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Challenge Field Sobriety Tests

Challenge Field Sobriety Tests Evidence in a California DUI

The field sobriety tests related to DUIs are very subjective things.  What I mean by that is that it's just the police putting people through a trial. They're sitting there watching it.

Often, unless they have a body cam on or their dashcam is pointing at the person while they're doing it — which they rarely do — it's just them looking at it, and they're determining whether or not they think the person passed the test.

They sit there and critique how the person does each test, and then they critique how the person follows instructions, and then they will put each test in the police report, basically explaining what they believe the person did wrong.

Sometimes they actually will put in there that the person passed some of the tests, and obviously, that would be one way to challenge them and say, you told the person to count to thirty, and they were able to judge and relied on twenty-nine.  That's pretty good.  That sounds to me that they're cognizant, and they're good.  So, there are ways to challenge them.

Reviewing Video Evidence

The best way would be to have a videotape of whatever's going on.  That's one of the first things we do if we've got a close-call DUI and the person is claiming that they passed all of the field sobriety tests, and that means something in the case. 

You know, if you blew a .16, forget it.  Who cares if you passed the field sobriety test because your blood alcohol level is double the legal limit.

Challenge Field Sobriety Tests Evidence in a California DUI

If, on the other hand, you were a .08 and they were refusing to give you something less than a DUI, then the field sobriety tests start to become important because you can then challenge the .08 and say that their breath machine is not 100% accurate.

You could have been a .06 based on the .02 error rate related to the machine. 

So, the next thing the prosecutors will try to do is to use your field sobriety test to get you under Vehicle Code Section 23152(a), which says you have alcohol in your system. You can't safely operate a motor vehicle, and the way they're determining whether you could safely operate a motor vehicle is by looking at those field sobriety tests.

So, if you've got a video of it and you look fine in it, then obviously that would be something that could be used to help you.

Another way to challenge them is if a dashcam video shows you getting out of the car and dealing with the police fine. You're walking fine — any of the stuff that could indicate that you're normal and don't have any problems would certainly be a way to challenge the field sobriety tests.

Attacking Field Sobriety Tests Evidence in a DUI

But the best DUI defense attorneys are asking questions about it and pointing things out and really evaluating what the police put in the police report related to those tests and then attacking and challenging the police's presumptions and what they're saying about the test and whether or not the person passed them or not.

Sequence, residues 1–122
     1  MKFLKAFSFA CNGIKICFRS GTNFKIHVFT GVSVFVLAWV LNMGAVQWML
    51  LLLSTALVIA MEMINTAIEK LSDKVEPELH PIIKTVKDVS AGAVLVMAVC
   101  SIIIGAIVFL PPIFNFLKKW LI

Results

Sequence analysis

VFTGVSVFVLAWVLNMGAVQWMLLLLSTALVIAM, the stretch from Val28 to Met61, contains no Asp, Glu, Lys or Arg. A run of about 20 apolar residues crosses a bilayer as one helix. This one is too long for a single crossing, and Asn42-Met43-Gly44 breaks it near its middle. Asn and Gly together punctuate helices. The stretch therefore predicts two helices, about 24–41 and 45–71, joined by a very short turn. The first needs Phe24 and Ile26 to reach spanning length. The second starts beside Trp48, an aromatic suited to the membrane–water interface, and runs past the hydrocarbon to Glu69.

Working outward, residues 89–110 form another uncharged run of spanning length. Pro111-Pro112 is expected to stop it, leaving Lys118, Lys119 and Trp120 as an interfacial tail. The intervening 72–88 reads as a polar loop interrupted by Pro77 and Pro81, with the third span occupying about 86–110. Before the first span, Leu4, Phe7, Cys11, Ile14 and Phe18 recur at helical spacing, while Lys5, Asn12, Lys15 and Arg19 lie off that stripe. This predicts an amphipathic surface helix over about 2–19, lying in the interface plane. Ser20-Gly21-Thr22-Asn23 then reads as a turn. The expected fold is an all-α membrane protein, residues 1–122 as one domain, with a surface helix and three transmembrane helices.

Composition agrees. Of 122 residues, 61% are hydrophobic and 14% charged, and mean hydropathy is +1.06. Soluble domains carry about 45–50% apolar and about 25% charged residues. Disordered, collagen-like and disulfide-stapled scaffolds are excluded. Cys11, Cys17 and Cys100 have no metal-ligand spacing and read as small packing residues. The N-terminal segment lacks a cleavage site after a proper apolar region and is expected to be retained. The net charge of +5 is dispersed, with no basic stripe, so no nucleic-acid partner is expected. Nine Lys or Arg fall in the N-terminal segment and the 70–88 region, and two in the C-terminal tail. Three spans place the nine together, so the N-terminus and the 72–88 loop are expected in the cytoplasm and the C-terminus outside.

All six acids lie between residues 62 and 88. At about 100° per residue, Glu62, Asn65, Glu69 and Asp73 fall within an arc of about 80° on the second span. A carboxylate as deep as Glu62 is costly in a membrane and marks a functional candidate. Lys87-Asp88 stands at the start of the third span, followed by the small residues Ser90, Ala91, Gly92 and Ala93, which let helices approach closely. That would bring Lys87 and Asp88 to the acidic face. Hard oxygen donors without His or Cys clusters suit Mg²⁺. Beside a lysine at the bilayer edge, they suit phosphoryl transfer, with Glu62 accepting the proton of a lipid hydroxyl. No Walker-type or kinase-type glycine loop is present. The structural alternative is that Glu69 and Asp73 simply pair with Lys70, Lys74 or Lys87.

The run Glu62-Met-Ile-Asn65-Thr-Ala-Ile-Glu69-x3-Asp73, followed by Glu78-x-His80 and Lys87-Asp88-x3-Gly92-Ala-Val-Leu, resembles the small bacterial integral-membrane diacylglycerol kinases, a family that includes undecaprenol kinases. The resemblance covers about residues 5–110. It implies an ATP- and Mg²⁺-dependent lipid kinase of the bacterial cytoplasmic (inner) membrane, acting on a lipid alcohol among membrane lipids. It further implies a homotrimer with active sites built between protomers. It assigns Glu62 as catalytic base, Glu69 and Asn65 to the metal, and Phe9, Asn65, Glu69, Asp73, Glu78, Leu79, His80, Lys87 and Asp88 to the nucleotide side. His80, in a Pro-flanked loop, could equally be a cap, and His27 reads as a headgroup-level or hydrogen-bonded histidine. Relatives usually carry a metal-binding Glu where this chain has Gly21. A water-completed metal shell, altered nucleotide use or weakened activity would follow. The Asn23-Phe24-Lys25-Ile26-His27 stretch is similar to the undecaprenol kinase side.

Suppose they could pass some of the tests. In that case, that's certainly something that could be used to argue that the person was fine and really could safely operate a motor vehicle because those tests are supposed to be designed to determine whether somebody can safely operate a motor vehicle.

So, you're going to have to look at the police report itself and see what the police put in there, and then you start to talk about it with your client. 

Your client could undoubtedly get on the witness stand, challenge a field sobriety test, and say they passed those tests. They did everything they were supposed to.  Maybe they didn't stand on one leg properly because they had an injury on one of their legs. 

The client could certainly testify to that.  They could bring medical documentation to support that.  That would be another way to challenge the test through other evidence and your client. So, all sorts of stuff can be done, but you don't do it in every case. 

My example of someone blowing double the legal limit is pretty silly to challenge a field sobriety test under that circumstance. You don't need the field sobriety test to get the person for the DUI because their blood alcohol level is way over the legal limit.

Review Your DUI Case to Determine Best Strategy

So, you have to look at the facts and circumstances of the particular case before deciding what you're going to challenge and what you're not going to challenge. It has to be a situation that makes sense to challenge a field sobriety test related to a DUI. You will only determine that by going over everything with your attorney. 

Your attorney will need to look at the police report and talk to you about it. Then they'll be in a position, based on their experience and what it says in the police report to decide whether or not they really can challenge the field sobriety tests and whether it will make a difference to you and your case.

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